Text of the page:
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Tribute to John Tyerman of Bracklesham Bay




Writes about winning fanciers past and present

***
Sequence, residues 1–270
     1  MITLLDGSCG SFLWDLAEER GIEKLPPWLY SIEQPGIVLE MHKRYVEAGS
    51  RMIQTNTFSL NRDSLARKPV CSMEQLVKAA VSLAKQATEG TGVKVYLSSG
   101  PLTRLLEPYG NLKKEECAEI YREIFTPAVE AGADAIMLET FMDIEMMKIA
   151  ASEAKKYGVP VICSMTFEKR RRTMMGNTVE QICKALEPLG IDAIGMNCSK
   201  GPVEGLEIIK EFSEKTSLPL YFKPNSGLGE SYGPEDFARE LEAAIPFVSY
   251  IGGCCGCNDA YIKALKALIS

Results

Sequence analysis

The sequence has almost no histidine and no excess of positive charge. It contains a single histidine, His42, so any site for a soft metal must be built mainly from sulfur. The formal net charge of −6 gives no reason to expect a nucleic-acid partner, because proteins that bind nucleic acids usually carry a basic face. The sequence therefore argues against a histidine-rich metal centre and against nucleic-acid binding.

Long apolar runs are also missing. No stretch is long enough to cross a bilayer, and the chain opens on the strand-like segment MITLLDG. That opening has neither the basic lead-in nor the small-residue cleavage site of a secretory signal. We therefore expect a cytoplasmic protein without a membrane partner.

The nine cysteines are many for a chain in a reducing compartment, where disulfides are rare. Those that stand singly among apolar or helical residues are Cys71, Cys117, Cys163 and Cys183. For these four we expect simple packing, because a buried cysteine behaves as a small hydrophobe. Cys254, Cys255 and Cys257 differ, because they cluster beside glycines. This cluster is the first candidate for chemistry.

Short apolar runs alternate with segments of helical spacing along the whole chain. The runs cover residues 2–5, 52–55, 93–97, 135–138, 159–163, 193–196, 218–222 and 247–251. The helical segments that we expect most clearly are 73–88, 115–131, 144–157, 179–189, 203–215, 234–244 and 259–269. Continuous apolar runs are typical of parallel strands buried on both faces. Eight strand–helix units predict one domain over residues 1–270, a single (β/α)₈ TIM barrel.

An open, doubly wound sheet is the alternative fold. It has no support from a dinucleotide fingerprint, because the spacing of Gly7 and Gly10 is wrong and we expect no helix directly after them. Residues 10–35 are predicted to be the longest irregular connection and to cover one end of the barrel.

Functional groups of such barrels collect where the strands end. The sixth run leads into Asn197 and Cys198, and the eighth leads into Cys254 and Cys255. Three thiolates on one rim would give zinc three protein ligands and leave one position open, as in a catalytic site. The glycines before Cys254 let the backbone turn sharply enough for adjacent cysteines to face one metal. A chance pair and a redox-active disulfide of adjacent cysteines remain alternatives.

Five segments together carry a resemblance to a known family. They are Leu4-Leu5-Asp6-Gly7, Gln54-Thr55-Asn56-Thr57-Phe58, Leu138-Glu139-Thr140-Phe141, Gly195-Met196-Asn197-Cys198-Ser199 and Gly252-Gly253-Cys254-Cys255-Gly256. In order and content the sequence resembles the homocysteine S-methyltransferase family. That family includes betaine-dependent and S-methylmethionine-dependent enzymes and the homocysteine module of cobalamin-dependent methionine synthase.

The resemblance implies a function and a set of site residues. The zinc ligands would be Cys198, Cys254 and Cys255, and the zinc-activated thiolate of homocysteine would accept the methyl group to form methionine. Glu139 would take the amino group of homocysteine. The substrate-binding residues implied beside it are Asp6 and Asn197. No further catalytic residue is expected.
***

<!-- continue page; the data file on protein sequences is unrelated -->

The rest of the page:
It is with a heavy heart that I have to report the passing of my good friend John Tyerman on evening of 8th April. John had had health problems for several years, but never let it on get on top of him and carried on and enjoyed his life to the full until the end. He was a wonderful man and must be described as ‘Mr Pigeon Racing’, being one the best workers for the sport that I ever met. John put a lot of work into his beloved sport of pigeon racing, but his lovely wife, Linda and his wonderful family always came first! The sport of pigeon racing has lost another one of its greatest fanciers and we are all going to miss him very much. Our sincere condolences from Betty and myself to Linda and the Tyerman family at this very sad time.